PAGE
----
GRC is dying and the Indian CISO would be jobless in a decade – LinkedIn4 minutes read

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This is not clickbait, rather an epiphany. I think CISO is the only executive function that is becoming weaker with experience. It has nothing to do with the individual who occupies that seat, but more with the rigid precepts of the industry that produced him/her. Those precepts are Governance, Risk and Compliance – the holy trinity of the information security universe.

Gartner, the strategy kahuna we all love to hate, recently put out a blog post that is strangely deceptive in its brevity. Although much of the risk assessment discipline thrives on speculation – which means that everything can be interpreted in multiple ways and will be – the message that Gartner seems to be sending is that compliance has elbowed out governance and risk, upsetting the objectivity of the whole movement itself.

The Indian information security market, however nascent it may be, has wholeheartedly embraced the culture, or rather the cult of compliance. While corporate governance has always remained weak in India, Inc. – due to our socio-political proclivities – risk, too, is a mere afterthought to compliance. An erudite executive once told me that it’s primarily because we don’t value life much, but let’s not get distracted.

So the industry is dominated by services: advisory, assessment, audit and the whole shebang. Take the case of ISO 27001, at whose feet the auditors fall. Created in the eighties, it deconstructs the enterprise into kernels of security. This fragmented, checklist-driven approach might have set the baselines in the last millennium, as the threat landscape was still a little devil that had not grown horns yet. We wrongly treated them as the toplines.

Although I will touch upon the technical aspects in the second part of this article, the cybersecurity product ecosystem also followed a similar siloed paradigm. The integrated, data-driven and top-down frameworks to quantify risk weren’t entertained – analytics was still in its infancy. Even GRC platforms are merely rule-driven, prescriptive monoliths that require constant tweaking.

So risk assessment became highly speculative and subjective. And along with speculation came the brokers. The market was captured by the Big 4 kind of consultancies, which have conventionally treated risk as a mere roadblock to enterprise efficiency that should be hedged. Auditors became fixers and CISOs the middlemen of this compliance mafia. Such consultancies also wrongly assumed that technical risk, much like financial, should ideally be suppressed rather than disseminated, creating an environment that inhibits disclosure.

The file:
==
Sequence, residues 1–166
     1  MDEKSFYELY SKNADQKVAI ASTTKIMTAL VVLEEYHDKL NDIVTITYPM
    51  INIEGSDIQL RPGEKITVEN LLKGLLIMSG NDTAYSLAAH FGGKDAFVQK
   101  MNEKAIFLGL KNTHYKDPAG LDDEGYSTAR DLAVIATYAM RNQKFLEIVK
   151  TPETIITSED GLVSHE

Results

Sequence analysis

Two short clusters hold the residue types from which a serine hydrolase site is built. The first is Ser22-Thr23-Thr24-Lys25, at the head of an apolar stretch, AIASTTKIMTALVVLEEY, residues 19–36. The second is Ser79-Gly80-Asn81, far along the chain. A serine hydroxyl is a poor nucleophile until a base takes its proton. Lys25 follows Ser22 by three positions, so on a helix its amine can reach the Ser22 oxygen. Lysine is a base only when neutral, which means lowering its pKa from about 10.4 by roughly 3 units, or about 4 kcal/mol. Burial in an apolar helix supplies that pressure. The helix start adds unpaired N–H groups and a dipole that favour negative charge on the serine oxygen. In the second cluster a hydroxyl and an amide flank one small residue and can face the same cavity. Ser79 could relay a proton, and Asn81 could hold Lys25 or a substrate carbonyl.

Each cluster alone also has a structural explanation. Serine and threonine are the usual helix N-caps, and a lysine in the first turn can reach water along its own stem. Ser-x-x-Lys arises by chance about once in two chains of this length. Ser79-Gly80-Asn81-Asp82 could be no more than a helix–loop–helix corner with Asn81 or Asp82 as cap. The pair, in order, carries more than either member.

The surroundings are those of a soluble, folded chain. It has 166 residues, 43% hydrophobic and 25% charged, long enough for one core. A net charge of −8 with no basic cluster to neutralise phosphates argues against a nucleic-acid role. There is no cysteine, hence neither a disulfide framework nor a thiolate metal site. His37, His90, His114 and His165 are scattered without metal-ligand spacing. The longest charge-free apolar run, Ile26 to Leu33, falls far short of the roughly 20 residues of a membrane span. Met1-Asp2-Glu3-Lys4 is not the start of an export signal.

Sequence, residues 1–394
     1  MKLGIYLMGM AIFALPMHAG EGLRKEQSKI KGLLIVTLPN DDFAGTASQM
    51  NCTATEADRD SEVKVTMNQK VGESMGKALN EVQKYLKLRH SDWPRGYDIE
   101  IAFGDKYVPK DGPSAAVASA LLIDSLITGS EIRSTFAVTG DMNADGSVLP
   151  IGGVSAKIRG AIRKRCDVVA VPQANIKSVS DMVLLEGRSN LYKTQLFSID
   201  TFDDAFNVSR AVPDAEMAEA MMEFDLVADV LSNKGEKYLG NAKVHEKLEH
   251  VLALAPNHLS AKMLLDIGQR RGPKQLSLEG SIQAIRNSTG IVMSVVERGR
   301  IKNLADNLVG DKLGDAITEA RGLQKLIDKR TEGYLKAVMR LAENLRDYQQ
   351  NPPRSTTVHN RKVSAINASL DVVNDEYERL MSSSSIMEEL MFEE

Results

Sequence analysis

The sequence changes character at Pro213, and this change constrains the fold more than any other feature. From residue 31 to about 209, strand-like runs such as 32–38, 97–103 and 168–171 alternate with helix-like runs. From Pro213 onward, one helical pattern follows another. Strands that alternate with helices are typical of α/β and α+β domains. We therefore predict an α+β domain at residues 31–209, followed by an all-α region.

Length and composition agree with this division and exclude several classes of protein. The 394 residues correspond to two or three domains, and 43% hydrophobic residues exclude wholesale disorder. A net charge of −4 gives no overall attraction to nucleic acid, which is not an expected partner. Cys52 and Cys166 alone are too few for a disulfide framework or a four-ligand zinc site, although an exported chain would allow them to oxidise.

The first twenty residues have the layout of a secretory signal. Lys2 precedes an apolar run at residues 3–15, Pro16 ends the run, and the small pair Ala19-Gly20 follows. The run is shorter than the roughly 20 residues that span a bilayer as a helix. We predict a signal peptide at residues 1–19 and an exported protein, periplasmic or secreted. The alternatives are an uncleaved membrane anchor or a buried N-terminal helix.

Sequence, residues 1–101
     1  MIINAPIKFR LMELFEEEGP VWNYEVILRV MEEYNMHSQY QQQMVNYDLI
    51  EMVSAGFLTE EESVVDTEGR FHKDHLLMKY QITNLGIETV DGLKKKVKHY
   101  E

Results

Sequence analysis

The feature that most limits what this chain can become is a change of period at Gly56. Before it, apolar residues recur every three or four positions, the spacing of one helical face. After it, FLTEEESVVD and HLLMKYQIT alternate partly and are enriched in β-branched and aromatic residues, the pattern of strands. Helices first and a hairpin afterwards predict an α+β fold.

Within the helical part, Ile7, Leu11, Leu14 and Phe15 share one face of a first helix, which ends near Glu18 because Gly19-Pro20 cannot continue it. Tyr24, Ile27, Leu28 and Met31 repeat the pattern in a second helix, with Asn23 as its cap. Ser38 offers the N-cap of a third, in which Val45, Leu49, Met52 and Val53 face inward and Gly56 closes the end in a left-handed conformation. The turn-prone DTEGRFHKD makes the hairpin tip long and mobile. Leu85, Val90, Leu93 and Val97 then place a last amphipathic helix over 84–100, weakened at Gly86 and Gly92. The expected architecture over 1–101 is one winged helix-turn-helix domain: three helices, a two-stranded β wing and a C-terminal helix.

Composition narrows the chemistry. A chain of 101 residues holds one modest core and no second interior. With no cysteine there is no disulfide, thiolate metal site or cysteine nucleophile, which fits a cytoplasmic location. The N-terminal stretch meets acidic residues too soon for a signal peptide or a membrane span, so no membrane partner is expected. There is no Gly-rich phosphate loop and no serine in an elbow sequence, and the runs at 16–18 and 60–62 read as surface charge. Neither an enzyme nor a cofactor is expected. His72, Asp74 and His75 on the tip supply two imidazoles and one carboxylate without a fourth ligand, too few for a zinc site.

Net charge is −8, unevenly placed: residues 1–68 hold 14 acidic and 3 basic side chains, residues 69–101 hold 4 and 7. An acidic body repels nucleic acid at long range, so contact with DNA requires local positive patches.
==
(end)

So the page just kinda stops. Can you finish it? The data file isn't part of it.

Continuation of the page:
The one thing which got side-lined amidst the chaos is what really is at stake here. Security evangelist Richard Stiennon rightly pointed out that this is the only industry of the larger IT domain whose driver is external – the threat actors. The information which has ceased to be under your control is in someone else’s. And that information can break enterprises, economies, societies and nations.

The last arbitrageur of risk you can go to is the government. Even compliance expects that the laws of the land are at work. But in reality, the laws governing cyberspace have been trailing behind its technical dynamics by almost two decades. The internet is fundamentally broken and attack attribution remains procedurally impossible. So how would enforcement, prosecution or adjudication even take place?

I just balk whenever someone utters “cyber insurance”. Insurance requires a well-specified actor, while there’s none here. After the recent breach of 3.2 million Indian debit cards, there has also been the talk about enforcing penalties. Well, the enterprises are meant to withstand a gust of wind, not a Category 4 hurricane. A motivated state-sponsored actor in cyberspace is exactly the latter. The liability here is shared between the enterprise and the nation state, as a cyber-attack is both an act of criminality and war.

That brings us back to the title of the article. I may be generalising, but the emergence of the Indian CISO as the product of an ecosystem driven by compliance – thinking that risk is merely something to be “managed” – kind of highlights the problem. They either come from the IT administration or financial advisory backgrounds, bolstered by certifications crowding their resumes.

Risk indeed assumes a wager or a bargain. But that bargain has to be statistically driven and mathematically proven. Gartner is calling the bluff and telling us to solely focus on the risk, deriving it from the precision of information that lies in abundance. Every enterprise process has been mostly productised – so those old human-driven, interpretative notions of compliance should be discarded – giving way to metric-driven approaches where federated risk gains priority.